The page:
"You're our best man for the job...": How a phone call jumpstarted my career
Recent appearances in internationally renowned scientific journals have made you a famous researcher. At ITM, we know you as our PhD alumnus. Could you share how you became a researcher and what led you to work on Ebola?
After completing my medical studies, I started my specialisation in medical biology and virology at Kinshasa University in 2012. My first research activities focused on sexually transmitted infections such as HIV and hepatitis among men who have sex with men; and arboviruses such as dengue and chikungunya. During this time, I was also completing my field research activities at INRB, and I became involved in an mpox outbreak investigation together with the US Centers for Diseases Control and Prevention and Kinshasa School of Public Health in 2013.
My involvement with Ebola began in 2015 at INRB. We were searching for Ebola antibodies among healthcare workers and Ebola survivors from the 1995 Kikwit and the 1976 Yambuku outbreaks. Dedicating my career solely to Ebola wasn't my plan, but one thing led to another. In 2017, with an international research team we conducted a survey on Ebola virus reservoir among bats, rodents and other small mammals. In May 2018 I was called back to my country, I went to Equateur province to coordinate Ebola diagnostics, first beside INRB’s Dr Placide Mbala, thereafter alone, in Iboko and Itipo villages.
You were about to take up a PhD at the Robert Koch Institute in Berlin. But then came a call that changed those plans?
Exactly. In 2017, I started a PhD programme with the Robert Koch Institute (RKI) in Berlin through a sandwich programme established between INRB and RKI in Berlin. In May 2018, an Ebola outbreak was declared in several places in Equator province. We confirmed the samples at INRB Kinshasa and were deployed at the three epicenters to implement diagnostics. Despite the challenges, we successfully controlled the outbreak within 2.5 months, which is exceptionally fast. But shortly after, another outbreak started in eastern DRC. Samples were tested by colleagues overnight. And at 5am the following day, Professor Steve Ahuka-Mundeke, the Head of the Virology Department and my advisor called me: “We have an Ebola outbreak in Beni.” I said, “but an outbreak just ended”. Also, we have rebels in that region.” He said, “this is why I have chosen you. You are the best man for this job”. And then he added, “I am not asking for advice, you need to go there. The flight will be waiting for you within thirty minutes and Professor Muyembe (Director of INRB) thinks that you can help.” There was no way to decline.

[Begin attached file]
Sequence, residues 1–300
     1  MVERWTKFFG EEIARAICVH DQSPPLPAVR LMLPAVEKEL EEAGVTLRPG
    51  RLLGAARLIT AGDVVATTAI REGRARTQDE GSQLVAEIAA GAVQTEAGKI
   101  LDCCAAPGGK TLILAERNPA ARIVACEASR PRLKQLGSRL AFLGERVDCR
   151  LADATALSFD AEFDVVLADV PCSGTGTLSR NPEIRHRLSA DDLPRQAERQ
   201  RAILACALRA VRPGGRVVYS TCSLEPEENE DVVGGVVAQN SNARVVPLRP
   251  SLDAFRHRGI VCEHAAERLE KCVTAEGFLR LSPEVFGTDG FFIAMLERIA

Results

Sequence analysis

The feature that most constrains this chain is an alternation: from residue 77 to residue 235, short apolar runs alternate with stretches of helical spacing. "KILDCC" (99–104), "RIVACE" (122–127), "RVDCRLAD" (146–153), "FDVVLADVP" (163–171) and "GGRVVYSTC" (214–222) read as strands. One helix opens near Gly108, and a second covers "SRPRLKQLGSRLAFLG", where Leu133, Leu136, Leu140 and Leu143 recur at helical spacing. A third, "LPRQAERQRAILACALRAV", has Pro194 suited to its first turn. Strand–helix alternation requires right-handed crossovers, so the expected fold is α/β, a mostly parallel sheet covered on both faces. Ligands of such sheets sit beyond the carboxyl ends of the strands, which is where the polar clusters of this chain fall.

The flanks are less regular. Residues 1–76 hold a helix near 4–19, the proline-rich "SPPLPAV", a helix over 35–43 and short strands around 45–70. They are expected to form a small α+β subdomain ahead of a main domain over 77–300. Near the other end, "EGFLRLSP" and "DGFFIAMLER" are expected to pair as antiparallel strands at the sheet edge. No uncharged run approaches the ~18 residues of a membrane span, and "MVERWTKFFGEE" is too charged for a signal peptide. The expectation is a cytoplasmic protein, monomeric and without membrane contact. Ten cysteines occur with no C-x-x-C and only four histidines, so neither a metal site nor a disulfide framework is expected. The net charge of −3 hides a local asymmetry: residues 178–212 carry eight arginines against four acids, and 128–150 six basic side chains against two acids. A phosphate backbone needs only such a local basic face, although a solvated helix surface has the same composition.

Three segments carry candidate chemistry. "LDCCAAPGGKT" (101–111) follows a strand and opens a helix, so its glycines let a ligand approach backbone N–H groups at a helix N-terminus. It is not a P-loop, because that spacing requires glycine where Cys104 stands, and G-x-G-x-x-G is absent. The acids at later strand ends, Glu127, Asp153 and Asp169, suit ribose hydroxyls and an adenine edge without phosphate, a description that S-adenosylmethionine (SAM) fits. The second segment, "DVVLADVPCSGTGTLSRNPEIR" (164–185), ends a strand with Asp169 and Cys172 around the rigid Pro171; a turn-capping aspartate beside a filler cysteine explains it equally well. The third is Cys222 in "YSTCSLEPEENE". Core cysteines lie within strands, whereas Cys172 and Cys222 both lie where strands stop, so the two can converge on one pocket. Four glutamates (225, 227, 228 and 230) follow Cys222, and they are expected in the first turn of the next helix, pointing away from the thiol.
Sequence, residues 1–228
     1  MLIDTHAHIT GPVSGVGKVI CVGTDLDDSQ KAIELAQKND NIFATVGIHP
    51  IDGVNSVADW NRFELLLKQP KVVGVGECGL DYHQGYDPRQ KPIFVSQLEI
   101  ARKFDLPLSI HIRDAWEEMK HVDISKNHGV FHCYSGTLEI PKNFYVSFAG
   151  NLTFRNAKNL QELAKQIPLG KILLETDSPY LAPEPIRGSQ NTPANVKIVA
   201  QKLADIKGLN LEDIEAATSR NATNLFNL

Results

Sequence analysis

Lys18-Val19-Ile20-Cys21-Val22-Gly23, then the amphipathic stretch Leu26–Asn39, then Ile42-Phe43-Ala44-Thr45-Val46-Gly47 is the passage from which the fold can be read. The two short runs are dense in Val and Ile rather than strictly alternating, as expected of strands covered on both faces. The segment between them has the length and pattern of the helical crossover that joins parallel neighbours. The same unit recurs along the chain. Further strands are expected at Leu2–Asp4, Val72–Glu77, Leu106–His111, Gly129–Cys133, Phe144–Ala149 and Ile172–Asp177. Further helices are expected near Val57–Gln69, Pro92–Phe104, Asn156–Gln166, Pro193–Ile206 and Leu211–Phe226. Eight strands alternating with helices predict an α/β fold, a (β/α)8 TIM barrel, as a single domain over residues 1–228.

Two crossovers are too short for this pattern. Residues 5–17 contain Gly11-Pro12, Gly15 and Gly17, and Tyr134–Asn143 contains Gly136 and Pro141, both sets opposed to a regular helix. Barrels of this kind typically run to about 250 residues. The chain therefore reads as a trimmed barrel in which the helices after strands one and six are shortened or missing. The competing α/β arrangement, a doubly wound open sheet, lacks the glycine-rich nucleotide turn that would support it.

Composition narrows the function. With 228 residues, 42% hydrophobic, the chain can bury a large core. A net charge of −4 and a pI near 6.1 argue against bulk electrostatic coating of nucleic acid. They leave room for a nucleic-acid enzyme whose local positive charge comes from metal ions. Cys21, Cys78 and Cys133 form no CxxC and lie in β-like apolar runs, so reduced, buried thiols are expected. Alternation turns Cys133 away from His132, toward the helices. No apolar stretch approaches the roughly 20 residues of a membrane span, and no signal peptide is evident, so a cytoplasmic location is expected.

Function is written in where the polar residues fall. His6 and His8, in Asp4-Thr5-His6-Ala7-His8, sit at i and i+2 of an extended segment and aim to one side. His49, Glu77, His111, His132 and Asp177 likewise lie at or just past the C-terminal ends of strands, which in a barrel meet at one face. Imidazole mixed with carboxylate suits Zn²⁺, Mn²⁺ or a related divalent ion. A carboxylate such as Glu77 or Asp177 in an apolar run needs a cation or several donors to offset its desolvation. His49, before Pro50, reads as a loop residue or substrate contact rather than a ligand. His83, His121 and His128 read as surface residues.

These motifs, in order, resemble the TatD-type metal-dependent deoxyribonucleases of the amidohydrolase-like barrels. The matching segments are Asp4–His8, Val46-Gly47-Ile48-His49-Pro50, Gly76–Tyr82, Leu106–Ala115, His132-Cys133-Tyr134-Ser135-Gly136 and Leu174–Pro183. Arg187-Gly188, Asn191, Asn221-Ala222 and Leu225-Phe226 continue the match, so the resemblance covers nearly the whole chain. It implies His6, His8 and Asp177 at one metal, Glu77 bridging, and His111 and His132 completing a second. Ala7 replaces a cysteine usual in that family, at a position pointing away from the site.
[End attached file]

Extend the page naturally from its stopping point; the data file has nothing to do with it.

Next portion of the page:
In August, we were deployed with lab-technician Bibiche Nsunda to set up a lab. We were the first folks from Kinshasa to be there on the ground, together with the Minister of Health and the Governor of North-Kivu province. Our lab was established in Beni, the headquarter of the response, where all the coordination meetings were held. There was a need to coordinate several newly set-up field laboratories, and I was appointed as field coordinator for the INRB laboratories during that outbreak.
The outbreak spread rapidly across multiple regions. How did you manage to control it?